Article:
There is no definition of "national security" in the CFIUS statute or applicable regulations, thus affording CFIUS a fair amount of discretion in determining whether a transaction presents national security considerations. The analysis that CFIUS undertakes entails examining the threat posed by the foreign acquirer and the vulnerabilities posed by the U.S. business in light of the potential consequences for national security. While acquisition of a U.S. defense contractor engaged in national security matters would clearly warrant CFIUS review, other less obvious considerations may draw the attention of CFIUS. CFIUS review extends to transactions involving "critical infrastructure," such as bridges, telecommunications, utilities and technology, whether or not supplied to the U.S. Government. Further, a U.S. entity, even if not itself sensitive, may have facilities located near sensitive military or national security installations. Indeed, in a recent case, a Chinese-owned corporation was forced to unwind its purchase of membership interests in wind farm projects, after CFIUS initiated a review post-closing that was likely triggered by the location of the wind farms near a sensitive Navy installation.1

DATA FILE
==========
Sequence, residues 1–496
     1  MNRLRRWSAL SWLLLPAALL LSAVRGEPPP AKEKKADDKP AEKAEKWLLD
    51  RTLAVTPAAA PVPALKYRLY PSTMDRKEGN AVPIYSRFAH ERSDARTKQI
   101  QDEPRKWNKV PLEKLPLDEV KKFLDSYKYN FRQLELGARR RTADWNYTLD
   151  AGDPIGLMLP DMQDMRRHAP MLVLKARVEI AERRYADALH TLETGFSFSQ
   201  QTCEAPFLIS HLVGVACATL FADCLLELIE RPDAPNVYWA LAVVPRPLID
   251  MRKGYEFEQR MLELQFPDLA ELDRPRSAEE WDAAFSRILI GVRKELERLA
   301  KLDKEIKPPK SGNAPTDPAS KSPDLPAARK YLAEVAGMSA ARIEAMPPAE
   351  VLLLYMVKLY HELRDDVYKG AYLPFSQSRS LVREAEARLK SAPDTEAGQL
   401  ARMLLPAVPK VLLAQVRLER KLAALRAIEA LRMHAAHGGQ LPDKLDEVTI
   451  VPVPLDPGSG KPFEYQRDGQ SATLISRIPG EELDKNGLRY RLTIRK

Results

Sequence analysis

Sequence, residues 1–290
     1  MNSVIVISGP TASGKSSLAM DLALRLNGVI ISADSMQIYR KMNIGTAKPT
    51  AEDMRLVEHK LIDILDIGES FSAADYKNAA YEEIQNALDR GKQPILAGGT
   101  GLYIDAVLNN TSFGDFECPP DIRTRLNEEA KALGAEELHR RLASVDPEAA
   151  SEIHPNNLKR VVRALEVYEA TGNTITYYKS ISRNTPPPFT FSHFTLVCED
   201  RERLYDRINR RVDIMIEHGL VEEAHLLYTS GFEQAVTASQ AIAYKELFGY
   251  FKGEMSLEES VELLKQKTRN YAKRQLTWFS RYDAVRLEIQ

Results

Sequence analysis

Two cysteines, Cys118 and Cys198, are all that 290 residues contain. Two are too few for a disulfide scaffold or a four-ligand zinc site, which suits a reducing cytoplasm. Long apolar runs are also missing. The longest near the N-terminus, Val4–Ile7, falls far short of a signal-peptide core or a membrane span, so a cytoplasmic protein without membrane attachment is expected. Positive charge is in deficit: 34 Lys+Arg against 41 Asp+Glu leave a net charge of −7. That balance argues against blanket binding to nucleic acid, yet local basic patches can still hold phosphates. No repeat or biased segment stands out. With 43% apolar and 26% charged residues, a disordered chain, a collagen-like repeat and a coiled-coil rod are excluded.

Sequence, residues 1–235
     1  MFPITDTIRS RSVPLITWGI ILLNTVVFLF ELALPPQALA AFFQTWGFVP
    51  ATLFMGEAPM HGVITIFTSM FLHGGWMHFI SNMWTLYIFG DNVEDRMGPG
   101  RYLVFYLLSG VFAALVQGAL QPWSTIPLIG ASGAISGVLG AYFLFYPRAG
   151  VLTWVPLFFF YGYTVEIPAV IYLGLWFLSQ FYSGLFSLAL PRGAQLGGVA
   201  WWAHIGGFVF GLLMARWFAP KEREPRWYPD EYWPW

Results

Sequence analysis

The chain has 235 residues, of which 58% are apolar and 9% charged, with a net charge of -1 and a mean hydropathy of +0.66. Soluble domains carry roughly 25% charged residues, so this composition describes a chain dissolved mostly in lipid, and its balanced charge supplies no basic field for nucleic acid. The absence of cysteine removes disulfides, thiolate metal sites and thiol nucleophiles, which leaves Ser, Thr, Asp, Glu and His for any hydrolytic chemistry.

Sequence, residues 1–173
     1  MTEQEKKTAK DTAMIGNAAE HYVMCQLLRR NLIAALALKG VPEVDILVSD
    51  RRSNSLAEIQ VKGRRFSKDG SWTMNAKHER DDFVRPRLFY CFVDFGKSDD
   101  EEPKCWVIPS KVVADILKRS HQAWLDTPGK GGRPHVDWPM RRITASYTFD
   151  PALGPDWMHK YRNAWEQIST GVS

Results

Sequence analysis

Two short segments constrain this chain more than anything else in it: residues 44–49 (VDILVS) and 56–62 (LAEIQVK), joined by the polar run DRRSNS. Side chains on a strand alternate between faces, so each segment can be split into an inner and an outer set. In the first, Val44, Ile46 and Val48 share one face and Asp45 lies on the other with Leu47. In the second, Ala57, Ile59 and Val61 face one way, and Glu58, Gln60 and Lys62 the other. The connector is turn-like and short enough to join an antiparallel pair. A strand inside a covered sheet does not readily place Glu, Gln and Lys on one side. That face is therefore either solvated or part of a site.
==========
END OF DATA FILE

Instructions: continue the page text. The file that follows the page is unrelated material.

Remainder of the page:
If a proposed transaction involves the transfer of Government contracts as assets, additional issues can be presented by the Anti-Assignment Act. Under that Act, with a few exceptions, Government contracts may not be assigned to other parties without the consent of the U.S. Government. Although the bankruptcy process generally provides mechanisms for contracts to be assumed by a reorganized debtor or assigned to a third party, the Anti-Assignment Act may prevent such Government contracts from being assumed or assigned without the consent of the U.S. Government. Governmental consent may or may not be forthcoming, and if granted, may carry conditions.

These national security and Government contract issues most commonly arise in the context of bankruptcy or restructuring transactions that propose: (i) the sale of a U.S. debtor's assets under section 363 of the Bankruptcy Code or pursuant to a chapter 11 plan of reorganization; or (ii) the assumption or assignment of a U.S. debtor's Government contracts pursuant to section 365 of the Bankruptcy Code.